# set, geometric sequence,fraction and arithmetic sequence

• Nov 14th 2006, 12:00 AM
m777
set, geometric sequence,fraction and arithmetic sequence
please try to solve that questions.
• Nov 14th 2006, 03:36 AM
topsquark
Quote:

Originally Posted by m777
please try to solve that questions.

Show that the set 2$\displaystyle \mathbb{Z}$ of even integers is countable.

I presume you know the theorem that if two sets are isomorphic then they have the same cardinality?

The function $\displaystyle f: \mathbb{Z} \to 2\mathbb{Z}: x \mapsto 2x$ is an isomorphism between the two sets as you can easily show. Thus since $\displaystyle \mathbb{Z}$ is countably infinite so is the set 2$\displaystyle \mathbb{Z}$.

(If you don't have this theorem available, note that you can put the two sets in one to one correspondence using the above function and go from there.)

-Dan
• Nov 14th 2006, 03:41 AM
topsquark
Quote:

Originally Posted by m777
please try to solve that questions.

Find the 9th term of the geometric series 6, 12, 24, ...

Since it's a geometric series we know that it is of the form:
$\displaystyle a_{n+1} = ra_n$

or

$\displaystyle a_n = a_1r^{n-1}$

So $\displaystyle a_1 = 6$

$\displaystyle 12 = 6 \cdot r^{2-1}$

So $\displaystyle r = 2$

The 9th term of the series is for n = 9:
$\displaystyle a_9 = 6 \cdot 2^8 = 1536$

-Dan
• Nov 14th 2006, 03:46 AM
topsquark
Quote:

Originally Posted by m777
please try to solve that questions.

Find the common fraction for the recurring decimal 0.7.

We may represent the decimal by the geometric series:
$\displaystyle \sum_{n = 1}^{\infty} 7(10)^{-n} = 0.77777....$

The sum of the terms of a geometric series $\displaystyle a_1r^{-n}$ is
$\displaystyle S = \frac{a_1}{r-1}$

In this case:
$\displaystyle S = \frac{7}{10-1} = \frac{7}{9}$

-Dan
• Nov 14th 2006, 03:51 AM
topsquark
Quote:

Originally Posted by m777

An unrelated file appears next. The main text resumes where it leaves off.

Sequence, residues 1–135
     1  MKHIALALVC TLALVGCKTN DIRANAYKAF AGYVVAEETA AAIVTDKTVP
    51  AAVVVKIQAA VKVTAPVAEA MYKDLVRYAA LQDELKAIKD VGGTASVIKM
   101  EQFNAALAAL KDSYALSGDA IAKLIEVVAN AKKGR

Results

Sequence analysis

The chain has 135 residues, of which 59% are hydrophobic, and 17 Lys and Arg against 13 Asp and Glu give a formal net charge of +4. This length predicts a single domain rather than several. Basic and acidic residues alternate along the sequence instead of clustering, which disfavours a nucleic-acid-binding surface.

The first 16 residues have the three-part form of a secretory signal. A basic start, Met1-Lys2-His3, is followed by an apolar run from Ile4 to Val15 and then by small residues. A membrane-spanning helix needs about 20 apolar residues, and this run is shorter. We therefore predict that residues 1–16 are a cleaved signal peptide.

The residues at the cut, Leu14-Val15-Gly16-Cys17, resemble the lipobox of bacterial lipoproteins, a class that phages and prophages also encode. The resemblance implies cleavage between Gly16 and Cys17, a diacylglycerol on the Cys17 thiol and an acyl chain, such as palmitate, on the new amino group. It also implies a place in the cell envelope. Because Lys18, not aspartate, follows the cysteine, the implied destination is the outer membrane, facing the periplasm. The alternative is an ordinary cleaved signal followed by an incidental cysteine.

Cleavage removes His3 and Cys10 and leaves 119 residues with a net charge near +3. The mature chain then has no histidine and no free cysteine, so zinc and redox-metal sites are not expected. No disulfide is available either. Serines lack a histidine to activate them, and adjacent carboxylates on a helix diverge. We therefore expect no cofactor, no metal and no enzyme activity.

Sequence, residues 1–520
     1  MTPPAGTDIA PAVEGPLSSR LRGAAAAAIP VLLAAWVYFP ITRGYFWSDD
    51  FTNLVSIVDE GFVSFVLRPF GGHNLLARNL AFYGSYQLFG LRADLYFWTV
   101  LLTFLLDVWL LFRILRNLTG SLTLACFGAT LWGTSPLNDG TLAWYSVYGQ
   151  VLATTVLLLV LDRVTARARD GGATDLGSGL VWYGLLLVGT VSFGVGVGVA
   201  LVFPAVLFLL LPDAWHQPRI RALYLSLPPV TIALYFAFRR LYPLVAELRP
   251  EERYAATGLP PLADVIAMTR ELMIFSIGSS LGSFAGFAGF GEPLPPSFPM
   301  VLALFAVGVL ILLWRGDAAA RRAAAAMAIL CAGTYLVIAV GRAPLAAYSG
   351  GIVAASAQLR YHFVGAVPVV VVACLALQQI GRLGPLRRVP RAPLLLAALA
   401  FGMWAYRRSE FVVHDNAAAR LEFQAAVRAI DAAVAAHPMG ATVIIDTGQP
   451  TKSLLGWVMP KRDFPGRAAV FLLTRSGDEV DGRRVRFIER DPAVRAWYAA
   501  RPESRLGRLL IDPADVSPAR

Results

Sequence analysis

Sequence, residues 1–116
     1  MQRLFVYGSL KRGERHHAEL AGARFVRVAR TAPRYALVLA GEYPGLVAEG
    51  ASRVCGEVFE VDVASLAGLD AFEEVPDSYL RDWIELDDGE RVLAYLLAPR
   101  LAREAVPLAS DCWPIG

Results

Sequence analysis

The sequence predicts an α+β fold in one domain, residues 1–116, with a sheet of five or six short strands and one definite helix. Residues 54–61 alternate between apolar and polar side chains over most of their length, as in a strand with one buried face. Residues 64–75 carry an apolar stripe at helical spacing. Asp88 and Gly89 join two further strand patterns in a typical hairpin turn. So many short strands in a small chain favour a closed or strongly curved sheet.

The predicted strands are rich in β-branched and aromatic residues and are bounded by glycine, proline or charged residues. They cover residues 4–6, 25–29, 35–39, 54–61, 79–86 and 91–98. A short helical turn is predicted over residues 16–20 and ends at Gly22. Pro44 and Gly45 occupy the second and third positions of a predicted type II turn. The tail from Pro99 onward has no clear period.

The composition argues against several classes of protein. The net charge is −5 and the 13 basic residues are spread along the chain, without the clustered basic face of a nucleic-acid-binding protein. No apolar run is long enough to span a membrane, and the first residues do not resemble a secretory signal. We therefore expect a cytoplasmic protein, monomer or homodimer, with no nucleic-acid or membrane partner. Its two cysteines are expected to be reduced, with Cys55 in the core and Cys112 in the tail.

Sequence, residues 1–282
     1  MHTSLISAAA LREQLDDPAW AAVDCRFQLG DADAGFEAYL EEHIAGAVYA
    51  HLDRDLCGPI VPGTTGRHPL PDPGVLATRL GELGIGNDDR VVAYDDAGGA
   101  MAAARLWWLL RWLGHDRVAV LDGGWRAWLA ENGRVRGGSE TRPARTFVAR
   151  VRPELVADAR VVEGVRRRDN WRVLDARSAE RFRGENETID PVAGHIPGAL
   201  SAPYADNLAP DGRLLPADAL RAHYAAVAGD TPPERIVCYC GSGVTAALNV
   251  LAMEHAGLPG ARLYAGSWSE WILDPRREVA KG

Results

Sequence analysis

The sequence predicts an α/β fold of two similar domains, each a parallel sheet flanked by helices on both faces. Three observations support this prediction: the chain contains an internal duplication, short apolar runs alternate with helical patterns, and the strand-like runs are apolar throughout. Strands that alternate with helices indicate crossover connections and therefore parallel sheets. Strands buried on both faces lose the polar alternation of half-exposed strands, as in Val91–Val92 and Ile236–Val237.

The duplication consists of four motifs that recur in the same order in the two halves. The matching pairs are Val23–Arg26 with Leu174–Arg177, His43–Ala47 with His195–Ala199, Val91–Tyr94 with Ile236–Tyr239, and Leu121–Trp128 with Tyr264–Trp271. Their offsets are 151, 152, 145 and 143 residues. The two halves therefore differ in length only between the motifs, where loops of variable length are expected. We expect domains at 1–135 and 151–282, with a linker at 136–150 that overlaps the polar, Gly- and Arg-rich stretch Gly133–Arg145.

please try to solve that questions.

Which term of the arithmatic series 5, 2, -1, ... is -85?

An arithmatic series is defined as:
$\displaystyle a_n = a_{n-1} + k$

or

$\displaystyle a_n = a_1 + (n-1)k$

We know that $\displaystyle a_1 = 5$ and $\displaystyle 2 = 5 - (2-1)k$. Thus $\displaystyle k = -3$.

$\displaystyle -85 = 5 + (n-1)(-3)$

$\displaystyle -90 = -3n + 3$

$\displaystyle -93 = -3n$

$\displaystyle n = 31$

So the 31st term will be -85.

-Dan
• Nov 14th 2006, 05:36 AM
Soroban
Hello, m777!

Here's alternate approach to #2 . . .

Quote:

Find the common fraction for the recurring decimal 0.7777...

We have: .$\displaystyle N \;= \;0.77777\hdots$

Multiply by 10: .$\displaystyle 10N \;=\;7.77777\hdots$
Subtract $\displaystyle N:$ . . . .$\displaystyle N \;= \;0.77777\hdots$
And we have: . . $\displaystyle 9N\:=\:7\quad\Rightarrow\quad N \,=\,\frac{7}{9}$

• Nov 14th 2006, 06:28 AM
ThePerfectHacker
Quote:

Originally Posted by topsquark
I presume you know the theorem that if two sets are isomorphic then they have the same cardinality?

A theorem :confused: ! You probably mean a definition.
• Nov 14th 2006, 11:37 AM
topsquark
Quote:

Originally Posted by ThePerfectHacker
A theorem :confused: ! You probably mean a definition.

It probably depends on the text you are using. My Topology book defines cardinality first, then introduces a proof that two sets with the same cardinality are necessarily isomorphic.

Frankly your definition might be a cleaner approach. The book rather confused me when going over this.

-Dan
• Nov 14th 2006, 01:10 PM
ThePerfectHacker
Quote:

Originally Posted by topsquark
[LIST][*]It probably depends on the text you are using.[/LIST My Topology book defines cardinality first,

-Dan

Never seen how to define cardinality without bijections maps.
• Nov 14th 2006, 02:08 PM
Plato
I would like to see that topology text.
If this is so, that text is to be avoided.
• Nov 14th 2006, 05:26 PM
topsquark
Quote:

Originally Posted by ThePerfectHacker
Never seen how to define cardinality without bijections maps.

Quote:

Originally Posted by Plato
I would like to see that topology text.
If this is so, that text is to be avoided.

:o I owe apologies to both of you gentlemen. The word I was remembering before the bijections was "countable" not "cardinality." Yes, in my book also it defines the bijection between sets as a definition for two sets to have the same cardinality.

-Dan
• Nov 15th 2006, 11:19 AM
TriKri
What's a countable set and how can an infinitly big set be countable? :confused:
• Nov 15th 2006, 12:51 PM
ThePerfectHacker
Quote:

Originally Posted by TriKri
What's a countable set and how can an infinitly big set be countable? :confused:

Georg Cantor developed one of the Jewels from 20th Century mathematics. The concept of sizes of sets (even infinite sets). So some infinite sets have more elements than others. Countable is any finite set, or any set which has as many elements as the number of integers. It can be shown to be the smallest type of infinite set. The Countiuum are the real numbers and they are larger. I can explain the theory but if you are not familar with the some set theory you will not follow.